The Elm architecture is a simple and straight-forward alternative to the common model-view-controller architecture, and it’s well suited to functional programming.
In brief, the Elm architecture uses a data structure to render a UI, the UI fires actions, and actions are used to update the data structure. This is the same sort of uni-directional flow that React.js uses and the one that Ember.js has been gravitating toward in place of two-way data bindings.
Read more on Implementing the Elm Architecture in ClojureScript…
RSchema-Hamster is a Ruby gem that lets you use Hamster’s persistent data structures to define and validate the shape of your data via RSchema.
In order to clarify my designs, reduce mistakes, and leave code easier to change than when I found it, I:
Read more on RSchema-Hamster: Schemas for Shaping Immutable Data…
On my current project we are using ReactiveCocoa to manage Core Bluetooth’s asynchronous callbacks when communicating with a Bluetooth Low Energy device in an iOS app. John Fisher recently explained how he’s used ReactiveCocoa to chain asynchronous operations together in this same project.
As with any application that communicates with a remote device/server, we’ve run into the need for timeouts when we don’t get an expected response in a reasonable amount of time. This got me to wondering if there might be something built into ReactiveCocoa to help with this problem. And it turns out there is! There’s a
-timeout:onScheduler: operator available for use on any RACSignal. In this post I’ll show a simple example of how
-timeout:onScheduler: can be used to manage a long-running asynchronous task.
Read more on Timeouts in ReactiveCocoa…
Dealing with asynchronous operations is a common problem in mobile development. To keep our app’s user interface as fast and responsive as possible, we need to offload network requests, resource loading (e.g., images), bluetooth operations, and file I/O onto a background thread.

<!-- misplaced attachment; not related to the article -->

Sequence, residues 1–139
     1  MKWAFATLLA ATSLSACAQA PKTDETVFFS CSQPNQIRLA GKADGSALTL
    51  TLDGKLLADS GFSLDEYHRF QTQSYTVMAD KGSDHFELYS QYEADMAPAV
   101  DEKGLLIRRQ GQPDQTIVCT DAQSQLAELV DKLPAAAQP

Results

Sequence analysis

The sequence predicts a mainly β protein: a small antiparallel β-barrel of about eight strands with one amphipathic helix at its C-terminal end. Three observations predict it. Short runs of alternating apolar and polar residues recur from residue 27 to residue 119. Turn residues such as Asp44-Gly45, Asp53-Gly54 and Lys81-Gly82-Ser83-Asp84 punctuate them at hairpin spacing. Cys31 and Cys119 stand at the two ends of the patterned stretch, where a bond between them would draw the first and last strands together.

Calling one asynchronous routine and responding to its result is a relatively simple matter, but what happens when several different asynchronous operations must be executed in some set order (serialized)? Apple has built in support for queuing asynchronous operations with
NSOperationQueue and Grand Central Dispatch, but there’s another solution: using a functional reactive approach with Reactive Cocoa. Read more on Easy Asynchronous Operations in iOS with ReactiveCocoa…
Partial application is awesome. I love it. Same goes for functions as first-class citizens. I wish these were features in every language. I’m working in Ruby right now, and every time I use
reduce(), I find myself wishing I had them.
-1 * x
def add(x, y)
x + y
obj = MyClass.new
values = [1,2,3]
# this is needlessly verbose
values.map do |val|
end # [-1, -2, -3]
# this is disgusting
# Ruby, why u no allow this?
values.map(&obj.negate) # although dropping the & would be even better
# And how about instead of this
values.map do |val|
# we could just do this?
Funkify to the Rescue
To overcome these limitations (and because it sounded fun), I started looking for a gem that would help with writing code that supports partial application. Read more on Funkify and Pattern-Proc: Messing with Ruby for Fun (but probably not profit)…
Recently, I’ve been playing with the F# programming language in my free time. One barrier that I ran into was the fact that I don’t have a Windows machine, meaning I had to use the Mono runtime on my Macbook. This presented some challenges that I had to work through.
So, why was I playing with F# in the first place? I had been looking for a language to fix some frustrations that I had with my current toolset: